“It’s probably the extreme example of a much wider problem, no question about it. Detroit was the perfect storm of factors that created that situation, but those same factors exist to some extent in a lot of other cities in America, and elsewhere also.”
Tek says several of the songs from Detroit will make appearances in the live sets for this tour, as well as songs from his previous solo recordings and Radio Birdman’s heyday.
“We’ll probably be doing four or five things off Detroit, and a few things from previous solo albums that we enjoy playing live, and some Birdman songs – we always play five or six Radio Birdman tunes, focusing on the ones that I wrote – and a couple of covers. So we round it out to about 20 songs.”
The reputation of Radio Birdman hasn’t diminished since 1978 – if anything, the band have built up more of a following over the years they haven’t been touring and recording than during the years that they have. The band attained mythical status in Australia and Europe between their first breakup and the first reunion in the early 90s.
“It is gratifying,” Tek says of the continued interest in the band. “Part of it I guess is the quality of the material that we did in those days, and a sort of unusual-for-the-time outlaw stance that we had. We didn’t plan that, but we got pushed into it. And then you disappear for 15 years – and if you disappear for 15 years, stories grow. Probably the best thing you can do as far as getting a reputation is to … vanish.”
There are also a series of Radio Birdman vinyl reissues planned this year, including many recently discovered songs that had been forgotten or presumed lost.
“It’s pretty exciting, the stuff that’s coming out. There’s going to be high-quality vinyl reissues of all of the previous releases in the first stage of the band, we’re just focusing on ’74 through ’78. There’s a lot of archive material that we found – studio outtakes, different versions of songs, some songs that were never released in any form. That stuff’s going to come out. We found a huge number of tapes that we didn’t know still existed – maybe more than 20 boxes of two-inch, 24-track tape that were found and returned to us. I spent quite a bit of time going through all that tape after it got restored and transferred, figuring out what was good on it and what wasn’t. Literally hundreds of hours of stuff, unbelievable. A lot of it I couldn’t even remember. So the best of that stuff is going to come out.”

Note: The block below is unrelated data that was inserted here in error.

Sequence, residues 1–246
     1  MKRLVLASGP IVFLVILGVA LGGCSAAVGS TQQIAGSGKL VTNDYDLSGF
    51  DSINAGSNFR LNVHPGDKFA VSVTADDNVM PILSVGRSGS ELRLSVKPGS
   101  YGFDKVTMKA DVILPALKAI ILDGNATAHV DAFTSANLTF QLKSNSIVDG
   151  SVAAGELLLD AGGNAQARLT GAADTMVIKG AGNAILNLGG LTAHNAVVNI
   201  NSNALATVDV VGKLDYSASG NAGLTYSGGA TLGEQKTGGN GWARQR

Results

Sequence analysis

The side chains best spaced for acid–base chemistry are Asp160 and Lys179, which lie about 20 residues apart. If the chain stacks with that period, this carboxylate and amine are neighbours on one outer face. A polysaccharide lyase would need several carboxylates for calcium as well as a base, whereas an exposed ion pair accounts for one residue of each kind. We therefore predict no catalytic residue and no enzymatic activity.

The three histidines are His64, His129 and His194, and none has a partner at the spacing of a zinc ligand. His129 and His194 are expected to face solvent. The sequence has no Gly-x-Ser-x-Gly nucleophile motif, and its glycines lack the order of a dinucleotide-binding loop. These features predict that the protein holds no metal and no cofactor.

Another forthcoming reissue is a double-LP of Birdman’s most legendary concert – their 1977 appearance at the Paddington Town Hall in Sydney. The gig was the band’s last Australian performance in their first incarnation, and it was recorded on 16-track mobile before they left for the UK, where they broke up a year later. The concert ended in a riot by fans amped up on the high-energy music.
“It was pretty wild,” Tek recalls. “In fact, it was wild enough that we didn’t really want to go there any more. We were happy to be leaving the country. For one thing, we were afraid somebody was going to get killed. There were already a lot of significant injuries at that show and a LOT of property destruction – which I ended up having to pay for out of royalties from [Birdman’s first album] Radios Appear. All of those royalties from that album went to paying band debts. A lot of those debts were from stuff that got smashed and destroyed at that concert, including a whole row of cars outside the venue, and the venue itself. It was crazy. It was a time and a place that will never happen again, so it’s great to preserve that in a quality way.”
Asked if there might be more Radio Birdman live shows around the release of the reissues, Tek says nothing is certain as yet.
“I can’t really talk about that right now. Let me just say that we’re looking into some ways that we might be able to promote these re-releases. I can’t really confirm anything about that right now, but it’s possible.”
Deniz Tek & The Bad Men play three shows in Norway in June – Tuesday June 3 at Kulturhuset in Oslo, Wednesday June 4 at Tivolikjeller in Moss, and Friday June 6 at Feelgood in Halden. They also play three shows in Sweden – Thursday June 5 at Lilla Hotellbaren in Stockholm, Saturday June 7 at Henriksberg in Goteborg and Sunday June 8 at Folk & Rock in Malmo. For a full list of European dates, see http://www.deniztek.com/#!gigs/csml